Here are a few key resources on homeschooling research:

Public School / Homeschool Partnerships

MiCHN’s Position Paper on Public School Partnerships

MiCHN wants to clearly state what has always been the case: Our vision explains that we exist “to promote Biblically-based, family-centered, privately-funded, parent-directed home discipleship” in Michigan. Therefore, we do not encourage involvement in any ‘shared time’ or partnership programs with the public schools. We are very concerned about the rapid growth of such public school partnerships because of the following reasons:

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Statement on Abuse

Child Protection Policy

As a statewide organization, MiCHN has had the privilege of serving thousands of wonderful homeschooling parents throughout the years—parents who love and care for their children and have made great sacrifices to teach and train their children in a positive, encouraging environment.

When parents fail to guard and protect their children, it is a painful reminder of the fallen world in which we live. All parents, as well as homeschooling parents and leaders, must be alert to abuse or neglect in order to protect those who cannot protect themselves.

Our Perspective
MiCHN provides encouragement and help for parents who choose to homeschool. We provide information, resources, and advice regarding home education and family life. Under no circumstances would MiCHN want our homeschool freedoms to shield child abuse or domestic violence. Many families in Michigan have chosen the home education option as a way to protect their children from physical and/or sexual abuse their children have experienced in the public schools where they have been victimized by teachers, school staff or other students.

We believe parents should be encouaged to find the educational approach that works best for their child, and we encourage parents to be fully involved in the education of their own child. Children thrive in the loving, nuturing environment of parental care and oversight. The Gen 2 Survey revealed that students that are homeschooled are 257% less likely to be sexually abused than those in public schools. There is no documented evidence that shows homeschoolers are at any greater risk for abuse if they live in a low-regulation homeschooling state than if they live in one with much regulation. There is no evidence that putting more educational restrictions on loving, law-abiding families will reduce child abuse in the state. More careful reporting and follow-up on known instances of child abuse and neglect, however, will.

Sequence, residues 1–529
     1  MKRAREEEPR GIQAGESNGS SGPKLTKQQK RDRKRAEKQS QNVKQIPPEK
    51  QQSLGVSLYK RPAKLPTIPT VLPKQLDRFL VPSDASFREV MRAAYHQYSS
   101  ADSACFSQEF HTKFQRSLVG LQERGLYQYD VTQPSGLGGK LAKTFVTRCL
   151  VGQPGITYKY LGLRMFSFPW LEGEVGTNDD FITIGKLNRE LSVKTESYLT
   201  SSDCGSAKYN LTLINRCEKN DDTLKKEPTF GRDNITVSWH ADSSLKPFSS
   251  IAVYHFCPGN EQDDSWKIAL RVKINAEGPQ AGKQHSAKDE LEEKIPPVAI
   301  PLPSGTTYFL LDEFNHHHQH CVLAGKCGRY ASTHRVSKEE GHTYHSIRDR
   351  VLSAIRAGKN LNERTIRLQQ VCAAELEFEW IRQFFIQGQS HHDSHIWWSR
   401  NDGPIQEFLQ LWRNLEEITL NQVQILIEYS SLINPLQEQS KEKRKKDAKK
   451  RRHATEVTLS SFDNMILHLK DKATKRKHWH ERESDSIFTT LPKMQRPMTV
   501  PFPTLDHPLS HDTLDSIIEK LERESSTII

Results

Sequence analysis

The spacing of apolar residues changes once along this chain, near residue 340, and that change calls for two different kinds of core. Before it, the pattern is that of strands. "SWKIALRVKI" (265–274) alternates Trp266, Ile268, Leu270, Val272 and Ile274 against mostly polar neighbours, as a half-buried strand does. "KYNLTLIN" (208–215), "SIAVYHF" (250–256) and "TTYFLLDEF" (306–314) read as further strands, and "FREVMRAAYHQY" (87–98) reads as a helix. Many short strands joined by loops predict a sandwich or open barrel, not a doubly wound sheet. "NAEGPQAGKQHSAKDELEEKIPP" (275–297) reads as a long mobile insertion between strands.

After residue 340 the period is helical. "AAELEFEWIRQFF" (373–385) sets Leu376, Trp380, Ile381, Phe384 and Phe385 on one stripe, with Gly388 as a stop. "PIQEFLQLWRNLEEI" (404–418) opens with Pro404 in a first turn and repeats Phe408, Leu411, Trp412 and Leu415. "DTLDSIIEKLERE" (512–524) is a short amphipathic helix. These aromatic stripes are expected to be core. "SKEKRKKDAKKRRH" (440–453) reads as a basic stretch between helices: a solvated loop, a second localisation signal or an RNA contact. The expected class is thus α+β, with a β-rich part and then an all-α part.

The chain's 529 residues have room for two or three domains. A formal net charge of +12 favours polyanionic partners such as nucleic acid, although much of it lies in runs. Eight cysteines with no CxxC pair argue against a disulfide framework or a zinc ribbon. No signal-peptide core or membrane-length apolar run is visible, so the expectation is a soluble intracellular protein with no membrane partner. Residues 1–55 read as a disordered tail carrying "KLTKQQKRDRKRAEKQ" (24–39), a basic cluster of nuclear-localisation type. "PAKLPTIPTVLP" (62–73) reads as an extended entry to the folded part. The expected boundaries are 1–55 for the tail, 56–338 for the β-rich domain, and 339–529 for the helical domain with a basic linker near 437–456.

What to Do 
Laws that address child abuse and neglect, as well as domestic violence, are in place. First-hand information regarding child abuse or neglect should be reported immediately to the appropriate civil authorities.

If you believe a child is being sexually abused, call the police. If you believe a child is at risk of imminent harm, call 911.

It is with much appreciation that MiCHN includes the following links provided by Home School Legal Defense Association (HSLDA). These resources help identify child abuse and neglect and offer helpful information and hope.

Child Abuse
What is considered child abuse according to the federal Child Abuse Prevention and Treatment Act and how can you prevent it?

Sexual Abuse
How can you identify sexual abuse and what age-appropriate information should you share with your children?

Safety Principles
How can you pro-actively prevent sexual abuse?  How can you protect someone who has experienced abuse?

If You Suspect Child Abuse
If you suspect child abuse or neglect, how can you follow up on your concerns?

Additional Resources
Learn how to protect your child from abuse. What can you do if you find yourself, your child, or another family’s child in an abusive situation?

Definitions of Child Abuse and Domestic Violence in Michigan
Visit the following website for a description of child abuse and domestic violence with additional information on mandatory reporters, confidential records, and false reporting.

Focus on the Family 
Focus on the Family offers valuable resources for families in crisis. Visit Focus on the Family or call their Help Center counselors at 1-855-771-HELP (4357), Monday through Friday, 8 a.m.-10  p.m. Eastern Time.

Childhelp National Child Abuse Hotline
Call 1-800-4-A-CHILD (1-800-422-4453) and press 1 or visit Childhelp National Child Abuse Hotline or Help for Kids. Although counselors do not report abuse, they can assist you with resources in your local area.